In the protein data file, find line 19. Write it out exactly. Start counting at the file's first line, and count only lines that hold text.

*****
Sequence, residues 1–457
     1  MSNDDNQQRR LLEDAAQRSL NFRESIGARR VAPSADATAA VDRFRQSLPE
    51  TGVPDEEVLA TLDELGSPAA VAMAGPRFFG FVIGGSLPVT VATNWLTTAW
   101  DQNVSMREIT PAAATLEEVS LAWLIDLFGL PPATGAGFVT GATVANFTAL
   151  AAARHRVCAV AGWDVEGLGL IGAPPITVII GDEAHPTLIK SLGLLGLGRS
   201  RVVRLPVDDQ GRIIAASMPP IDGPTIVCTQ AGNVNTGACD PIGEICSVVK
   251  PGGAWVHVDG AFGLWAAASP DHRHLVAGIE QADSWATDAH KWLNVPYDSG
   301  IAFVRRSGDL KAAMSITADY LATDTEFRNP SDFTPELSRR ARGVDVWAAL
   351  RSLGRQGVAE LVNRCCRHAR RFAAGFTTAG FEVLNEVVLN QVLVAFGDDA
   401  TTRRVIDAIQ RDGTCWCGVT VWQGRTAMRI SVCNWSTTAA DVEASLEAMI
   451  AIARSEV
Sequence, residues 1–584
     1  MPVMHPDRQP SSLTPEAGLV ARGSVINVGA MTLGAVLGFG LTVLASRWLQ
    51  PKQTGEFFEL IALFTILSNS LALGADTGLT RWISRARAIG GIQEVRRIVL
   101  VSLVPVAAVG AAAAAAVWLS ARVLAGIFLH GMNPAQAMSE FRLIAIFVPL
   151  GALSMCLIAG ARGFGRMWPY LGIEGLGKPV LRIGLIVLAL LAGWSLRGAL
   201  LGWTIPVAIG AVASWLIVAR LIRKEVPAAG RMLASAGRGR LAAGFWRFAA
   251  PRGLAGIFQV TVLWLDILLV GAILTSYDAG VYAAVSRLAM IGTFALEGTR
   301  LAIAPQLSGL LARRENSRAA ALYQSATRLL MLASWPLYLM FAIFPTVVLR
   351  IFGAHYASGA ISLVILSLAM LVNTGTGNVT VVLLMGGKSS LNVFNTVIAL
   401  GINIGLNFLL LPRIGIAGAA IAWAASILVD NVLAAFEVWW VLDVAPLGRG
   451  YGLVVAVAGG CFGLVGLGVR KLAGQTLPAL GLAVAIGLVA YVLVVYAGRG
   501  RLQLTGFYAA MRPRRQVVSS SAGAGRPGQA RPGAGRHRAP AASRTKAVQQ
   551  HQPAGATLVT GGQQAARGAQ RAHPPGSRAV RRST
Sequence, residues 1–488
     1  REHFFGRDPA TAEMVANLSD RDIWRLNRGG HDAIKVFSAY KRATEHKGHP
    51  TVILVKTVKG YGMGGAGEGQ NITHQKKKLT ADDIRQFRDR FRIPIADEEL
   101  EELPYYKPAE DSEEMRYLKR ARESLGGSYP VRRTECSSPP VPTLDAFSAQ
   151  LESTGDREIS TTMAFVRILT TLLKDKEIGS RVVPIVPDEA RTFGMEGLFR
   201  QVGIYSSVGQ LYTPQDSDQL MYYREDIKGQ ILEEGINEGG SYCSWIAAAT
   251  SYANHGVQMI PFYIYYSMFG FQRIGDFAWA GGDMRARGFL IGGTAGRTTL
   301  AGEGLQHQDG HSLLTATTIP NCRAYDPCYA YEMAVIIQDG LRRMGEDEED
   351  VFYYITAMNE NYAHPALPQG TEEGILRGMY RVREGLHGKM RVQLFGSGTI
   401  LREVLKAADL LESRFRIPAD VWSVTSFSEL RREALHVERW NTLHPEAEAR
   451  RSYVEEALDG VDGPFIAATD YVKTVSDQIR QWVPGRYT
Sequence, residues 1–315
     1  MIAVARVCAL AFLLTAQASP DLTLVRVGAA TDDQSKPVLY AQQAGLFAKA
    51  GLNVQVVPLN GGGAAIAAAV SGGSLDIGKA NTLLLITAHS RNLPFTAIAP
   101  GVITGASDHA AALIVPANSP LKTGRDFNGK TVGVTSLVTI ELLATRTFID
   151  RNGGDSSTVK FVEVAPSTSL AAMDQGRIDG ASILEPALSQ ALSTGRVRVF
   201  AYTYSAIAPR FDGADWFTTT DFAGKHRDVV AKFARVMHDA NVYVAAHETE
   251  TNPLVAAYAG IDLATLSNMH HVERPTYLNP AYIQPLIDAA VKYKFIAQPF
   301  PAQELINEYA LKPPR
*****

   301  LAIAPQLSGL LARRENSRAA ALYQSATRLL MLASWPLYLM FAIFPTVVLR